In addition, high levels of fine, noxious particles in the air can inflict serious health issues on employees who work outdoors, live in or near affected areas or commute to and from the office. In the U.S., the Department of Agriculture has argued wildfires are now year-round for much of the country, and the national Forest Service is even looking at a ‘fire year’ concept.
Winter storms can pose an even greater risk to organizations than the four weather risks I touched on. This is because, typically, winter storms are not predicted with the same certainty or specificity of hurricanes, extreme heat or even flooding.
They often occur after a combination of changes in the jet stream, which plunges cold air masses further into North America and Central Europe. At the same time, precipitation and clashes between air masses can create winter “superstorms” that can be just as damaging as a hurricane, typhoon or cyclone.
These storms also have the potential to impact a much larger geographical area than hurricanes or floods because their extreme cold air masses can cover an entire continent for days or even weeks. The results are a loss of business, transportation and power outages as well as changes in consumer behaviors and employees’ ability to react—compounding the need for real-time information.
Gearing up for these winter events can take on similar, but also new, dimensions in terms of preparations and business continuity. Given the potential for air, road and even rail travel to be disrupted for days after a major snow storm, organizations need to consider how they can manage their supply chain and keep operations running smoothly.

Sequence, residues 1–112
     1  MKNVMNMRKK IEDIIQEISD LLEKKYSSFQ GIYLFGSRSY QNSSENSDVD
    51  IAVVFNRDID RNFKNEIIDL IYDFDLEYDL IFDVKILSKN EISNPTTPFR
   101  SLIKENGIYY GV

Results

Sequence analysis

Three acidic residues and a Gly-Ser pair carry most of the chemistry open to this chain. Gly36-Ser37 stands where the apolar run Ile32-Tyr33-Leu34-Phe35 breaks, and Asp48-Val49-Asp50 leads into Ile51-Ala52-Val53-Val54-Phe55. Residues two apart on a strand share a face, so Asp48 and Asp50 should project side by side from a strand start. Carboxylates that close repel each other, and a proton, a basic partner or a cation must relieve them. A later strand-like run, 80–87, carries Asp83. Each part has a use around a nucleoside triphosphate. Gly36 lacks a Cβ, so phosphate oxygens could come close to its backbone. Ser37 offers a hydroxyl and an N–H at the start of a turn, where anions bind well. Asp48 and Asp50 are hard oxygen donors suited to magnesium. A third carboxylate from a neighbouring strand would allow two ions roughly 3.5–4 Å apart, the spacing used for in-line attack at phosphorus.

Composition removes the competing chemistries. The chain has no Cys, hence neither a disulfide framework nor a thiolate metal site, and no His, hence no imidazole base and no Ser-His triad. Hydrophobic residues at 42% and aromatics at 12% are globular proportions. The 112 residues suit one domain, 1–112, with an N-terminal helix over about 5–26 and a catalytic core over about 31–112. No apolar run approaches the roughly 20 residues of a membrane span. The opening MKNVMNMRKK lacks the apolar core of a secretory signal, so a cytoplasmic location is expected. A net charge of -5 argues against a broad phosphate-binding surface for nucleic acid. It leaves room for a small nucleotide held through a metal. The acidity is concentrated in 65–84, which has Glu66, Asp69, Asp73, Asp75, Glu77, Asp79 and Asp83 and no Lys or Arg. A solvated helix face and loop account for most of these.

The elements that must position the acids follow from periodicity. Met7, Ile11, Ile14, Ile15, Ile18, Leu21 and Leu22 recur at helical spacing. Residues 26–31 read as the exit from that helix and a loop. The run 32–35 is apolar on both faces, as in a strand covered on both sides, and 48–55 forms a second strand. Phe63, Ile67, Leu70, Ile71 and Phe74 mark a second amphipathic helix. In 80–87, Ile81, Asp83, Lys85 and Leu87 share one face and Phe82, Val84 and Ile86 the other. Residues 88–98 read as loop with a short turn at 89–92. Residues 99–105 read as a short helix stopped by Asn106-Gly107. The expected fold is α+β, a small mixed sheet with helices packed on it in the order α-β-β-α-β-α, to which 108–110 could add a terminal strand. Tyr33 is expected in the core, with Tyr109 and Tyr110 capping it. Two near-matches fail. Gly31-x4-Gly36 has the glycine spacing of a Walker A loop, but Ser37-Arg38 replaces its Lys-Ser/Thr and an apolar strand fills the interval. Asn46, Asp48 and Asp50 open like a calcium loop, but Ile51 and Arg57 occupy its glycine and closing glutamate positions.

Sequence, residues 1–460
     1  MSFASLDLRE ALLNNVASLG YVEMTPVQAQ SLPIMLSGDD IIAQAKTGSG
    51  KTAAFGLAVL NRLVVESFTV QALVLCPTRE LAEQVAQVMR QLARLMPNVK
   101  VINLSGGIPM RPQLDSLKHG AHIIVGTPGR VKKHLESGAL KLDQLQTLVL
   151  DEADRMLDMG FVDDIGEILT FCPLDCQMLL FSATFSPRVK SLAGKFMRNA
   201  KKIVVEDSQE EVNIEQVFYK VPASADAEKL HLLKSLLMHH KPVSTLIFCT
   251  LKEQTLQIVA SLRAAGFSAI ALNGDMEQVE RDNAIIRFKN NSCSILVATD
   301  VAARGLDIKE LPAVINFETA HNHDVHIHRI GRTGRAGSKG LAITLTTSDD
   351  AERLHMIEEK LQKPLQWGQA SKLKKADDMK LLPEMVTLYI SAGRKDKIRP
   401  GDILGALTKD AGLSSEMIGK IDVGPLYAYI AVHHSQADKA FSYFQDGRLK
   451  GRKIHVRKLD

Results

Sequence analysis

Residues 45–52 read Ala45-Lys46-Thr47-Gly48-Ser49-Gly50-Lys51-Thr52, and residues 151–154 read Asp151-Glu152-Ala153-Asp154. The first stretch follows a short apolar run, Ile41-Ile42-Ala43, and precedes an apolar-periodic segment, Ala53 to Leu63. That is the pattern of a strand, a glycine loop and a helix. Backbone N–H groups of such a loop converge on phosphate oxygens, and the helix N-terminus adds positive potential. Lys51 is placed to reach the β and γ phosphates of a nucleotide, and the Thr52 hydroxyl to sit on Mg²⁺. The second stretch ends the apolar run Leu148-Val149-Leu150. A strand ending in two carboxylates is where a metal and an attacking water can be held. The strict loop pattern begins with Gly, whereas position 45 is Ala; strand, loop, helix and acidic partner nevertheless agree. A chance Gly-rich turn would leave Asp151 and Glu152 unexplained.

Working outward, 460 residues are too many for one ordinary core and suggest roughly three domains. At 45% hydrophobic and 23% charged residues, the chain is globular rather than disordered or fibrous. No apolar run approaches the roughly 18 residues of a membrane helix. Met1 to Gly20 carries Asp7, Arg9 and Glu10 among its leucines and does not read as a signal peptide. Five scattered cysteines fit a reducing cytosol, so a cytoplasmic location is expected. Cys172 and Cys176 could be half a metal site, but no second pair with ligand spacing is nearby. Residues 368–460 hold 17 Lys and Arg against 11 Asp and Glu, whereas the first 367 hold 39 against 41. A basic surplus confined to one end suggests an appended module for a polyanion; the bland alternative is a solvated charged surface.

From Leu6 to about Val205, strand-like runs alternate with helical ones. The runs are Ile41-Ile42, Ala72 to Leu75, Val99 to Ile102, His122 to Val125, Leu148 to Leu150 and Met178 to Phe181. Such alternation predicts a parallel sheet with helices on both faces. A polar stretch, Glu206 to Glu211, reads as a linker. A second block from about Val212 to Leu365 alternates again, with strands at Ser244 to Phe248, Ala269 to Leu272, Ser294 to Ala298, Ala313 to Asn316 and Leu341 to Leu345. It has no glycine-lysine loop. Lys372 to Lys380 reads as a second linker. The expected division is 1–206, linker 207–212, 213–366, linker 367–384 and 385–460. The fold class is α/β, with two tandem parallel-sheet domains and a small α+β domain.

All five of these extreme weather and geological phenomena have occurred in 2021. Therefore, it’s imperative that businesses accelerate their climate risk assessment, mitigation and adaptation strategies.
First, make sure you understand what your organization's exposure is, be it to wildfires or hurricanes. Then, assess your organization's ability to monitor and respond. During your assessment, be sure to ask yourself the following questions:
Learn more about how organizations like yours can use Dataminr Pulse to get a 360° view of extreme weather events so you can better protect your people and assets.
Chris Brozenick is Senior Director of Product Marketing at Dataminr, where he leads go-to-market efforts for Dataminr Pulse and the Dataminr for News. Prior to Dataminr, Chris was the vice president of product strategy for WorldAware and vice president of product for WeatherBug / Earth Networks. He holds a B.S. in electrical engineering from Purdue University, and an MBA from Johns Hopkins University.